KLEM News AM Update October 6, 2010
At Tuesday's meeting, Council member John Rexwinkel said he continued to get calls about a decision earlier this year to change weekly garbage collection next year.
Rexwinkel said there were concerns about garbage volume, but more about sanitation and odor. Rexwinkel also said he didn't think the city should minimize its recycling efforts that led to twice a month blue bag and blue tote collection.
Council members John Leonard and Delana Ihrke also reported calls about the pick up change planned next year.
Council member Ken Nelson serves on the Solid Waste Committee and suggested information be given to the Council by the city's residential hauler, Van's Sanitation.
Two weeks ago Nelson asked Council members about the change because city staff is in the process of having annual materials prepared for printing to promote the dates for recycling. However, no vote was taken.
City adds second leaf, grass dropoff option
(Le Mars)--Starting today (Wednesday) Le Mars residents won't need to leave leaf hauling until the weekend.
Assistant City Administrator BIll Cole says the landscape waste site on Highway Three West, near the Riverview Ball Complex, will be open twice a week.
Le Mars residents' interest in cleaning up household items that are hazardous has more than doubled this fall.
The city asked the Plymouth County Solid Waste Agency to make the collection in the city rather than at the rural Le Mars Landfill.
Assistant City Administrator Bill Cole reported on appointments during the Council Meeting Tuesday.
Those who've made an appointment to leave items at the Street Department collection site are asked to use the First Street Northeast entrance.
"Of Mice and Men" is change of pace for Le Mars Community Theater performers
(LE MARS) Players from the Le Mars Community Theater are busy rehearsing for their upcoming production "Of Mice and Men." The 10-member cast will take the stage October 29th through the 31st and then again November 4th through 6th. Larry Brangwin is directing the play which is based off a novella written by John Steinbeck. Brangwin says he chose this production because it's something he's wanted to do for a long time.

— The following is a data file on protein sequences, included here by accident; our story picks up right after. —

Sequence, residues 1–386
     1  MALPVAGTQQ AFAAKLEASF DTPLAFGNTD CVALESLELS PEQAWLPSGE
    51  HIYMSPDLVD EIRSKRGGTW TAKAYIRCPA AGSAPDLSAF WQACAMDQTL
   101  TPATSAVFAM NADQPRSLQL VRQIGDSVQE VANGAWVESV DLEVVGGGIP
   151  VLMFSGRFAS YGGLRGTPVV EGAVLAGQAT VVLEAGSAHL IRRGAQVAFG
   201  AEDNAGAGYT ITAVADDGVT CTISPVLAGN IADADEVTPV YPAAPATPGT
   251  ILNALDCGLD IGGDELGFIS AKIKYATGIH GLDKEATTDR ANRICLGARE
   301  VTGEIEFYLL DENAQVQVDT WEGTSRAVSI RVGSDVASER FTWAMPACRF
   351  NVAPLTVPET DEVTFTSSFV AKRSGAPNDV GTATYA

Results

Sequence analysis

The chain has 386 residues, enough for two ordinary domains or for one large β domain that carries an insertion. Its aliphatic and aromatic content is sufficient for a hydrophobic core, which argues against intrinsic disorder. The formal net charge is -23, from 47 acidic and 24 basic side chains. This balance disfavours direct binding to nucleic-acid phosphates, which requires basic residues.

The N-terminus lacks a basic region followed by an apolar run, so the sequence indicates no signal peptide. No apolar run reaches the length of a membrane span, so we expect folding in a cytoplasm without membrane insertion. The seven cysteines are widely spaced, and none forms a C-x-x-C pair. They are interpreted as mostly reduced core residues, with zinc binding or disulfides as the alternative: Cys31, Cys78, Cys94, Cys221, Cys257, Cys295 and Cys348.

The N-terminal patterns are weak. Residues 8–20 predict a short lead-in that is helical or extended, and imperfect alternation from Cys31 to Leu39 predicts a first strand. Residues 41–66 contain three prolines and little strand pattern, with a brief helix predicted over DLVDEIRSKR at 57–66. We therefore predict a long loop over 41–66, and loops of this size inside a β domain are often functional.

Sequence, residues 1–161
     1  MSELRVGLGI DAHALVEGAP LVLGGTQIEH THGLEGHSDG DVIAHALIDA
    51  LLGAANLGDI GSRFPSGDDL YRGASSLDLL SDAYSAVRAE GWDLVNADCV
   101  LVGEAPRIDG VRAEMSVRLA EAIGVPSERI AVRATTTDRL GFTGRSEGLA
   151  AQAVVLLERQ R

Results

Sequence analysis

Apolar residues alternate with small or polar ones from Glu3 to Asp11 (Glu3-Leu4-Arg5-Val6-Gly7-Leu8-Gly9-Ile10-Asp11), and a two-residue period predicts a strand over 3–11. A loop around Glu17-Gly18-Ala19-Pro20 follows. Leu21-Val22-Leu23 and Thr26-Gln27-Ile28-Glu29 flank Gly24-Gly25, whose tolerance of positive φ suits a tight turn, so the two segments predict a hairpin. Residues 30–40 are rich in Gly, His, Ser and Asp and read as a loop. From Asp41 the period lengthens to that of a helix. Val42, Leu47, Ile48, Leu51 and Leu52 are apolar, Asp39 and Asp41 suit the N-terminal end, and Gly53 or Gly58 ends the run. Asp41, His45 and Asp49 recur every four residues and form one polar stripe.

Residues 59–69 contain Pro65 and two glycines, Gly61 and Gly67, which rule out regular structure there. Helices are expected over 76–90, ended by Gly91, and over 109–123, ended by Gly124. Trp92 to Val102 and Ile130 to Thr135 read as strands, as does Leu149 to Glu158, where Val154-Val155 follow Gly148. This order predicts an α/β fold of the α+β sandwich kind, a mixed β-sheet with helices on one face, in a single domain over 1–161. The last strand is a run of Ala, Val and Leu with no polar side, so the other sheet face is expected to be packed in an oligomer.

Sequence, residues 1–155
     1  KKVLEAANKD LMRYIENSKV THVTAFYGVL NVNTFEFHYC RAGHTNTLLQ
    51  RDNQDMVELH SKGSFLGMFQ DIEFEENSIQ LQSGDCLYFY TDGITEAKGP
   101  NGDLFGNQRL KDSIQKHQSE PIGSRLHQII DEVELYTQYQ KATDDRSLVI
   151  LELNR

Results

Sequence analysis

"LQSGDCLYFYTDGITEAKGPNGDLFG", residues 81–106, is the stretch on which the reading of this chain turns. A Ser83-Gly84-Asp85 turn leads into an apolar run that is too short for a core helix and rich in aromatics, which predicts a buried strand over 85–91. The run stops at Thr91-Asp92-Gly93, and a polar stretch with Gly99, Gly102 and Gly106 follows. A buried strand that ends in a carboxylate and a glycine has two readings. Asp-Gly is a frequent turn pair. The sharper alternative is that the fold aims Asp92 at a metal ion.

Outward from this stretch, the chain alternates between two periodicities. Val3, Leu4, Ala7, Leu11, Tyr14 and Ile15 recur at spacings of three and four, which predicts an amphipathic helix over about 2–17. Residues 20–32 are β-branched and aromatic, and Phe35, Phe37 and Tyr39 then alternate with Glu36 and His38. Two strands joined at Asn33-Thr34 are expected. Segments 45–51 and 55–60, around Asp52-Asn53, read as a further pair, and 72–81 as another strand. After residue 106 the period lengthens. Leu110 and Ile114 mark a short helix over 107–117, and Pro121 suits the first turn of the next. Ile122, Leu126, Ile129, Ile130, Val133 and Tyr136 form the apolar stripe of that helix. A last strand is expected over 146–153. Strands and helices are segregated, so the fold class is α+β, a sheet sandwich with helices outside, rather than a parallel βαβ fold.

"Of Mice and Men" is about two drifters looking for work in California during the depression. George is a man with sense and a strong work ethic, Lennie is a man with great physical strength and the mind of a child. When the men begin work at a ranch harvesting barley, a story of loneliness and unfulfilled dreams unfolds. Brangwin says that audiences will enjoy the play for many reasons.
The Le Mars Community Theater most often stages productions that are a bit more light hearted than Steinbeck's "Of Mice and Men." Many of the actors are excited for the change of pace.
Tickets go on sale for "Of Mice and Men" at the Le Mars Postal Playhouse on the 18th of October for members and on the 20th for the general public. For more information www.postalplayhouse.org
(News report by Angela Drake, KLEM News)
Ice Cream cone creator visits Le Mars
(LE MARS) Ice cream-themed public art planned in Le Mars next year is popular. Eighteen fiberglass art pieces are already purchased to be painted and displayed.
Patrick Keough of Shelton, Nebraska parked a trailer loaded with full size fiberglass animals in front of City Hall Tuesday afternoon. Keough will make 30 fiberglass ice cream cones to be painted for display in Le Mars as public art.
Keough likes to come back to a community when the finished art is displayed.
Mary Reynolds of the Le Mars Area Chamber of Commerce is the contact person for anyone who'd like to buy one of the fiberglass ice cream cones for display. Chamber and city staff and volunteers met with the fiberglass creator Tuesday afternoon.
Culver wants to stop scams against elderly
CEDAR RAPIDS, Iowa (AP) Iowa Gov. Chet Culver wants to require financial institutions to report consumer fraud schemes against the elderly.
The Gazette newspaper in Cedar Rapids reported Tuesday that the Democratic incumbent in the November general election made the proposal during an Iowa Public Television segment called ``A Conversation on Aging'' that will air Friday. His opponent, former Republican Iowa Gov. Terry Branstad, will tape his segment Wednesday.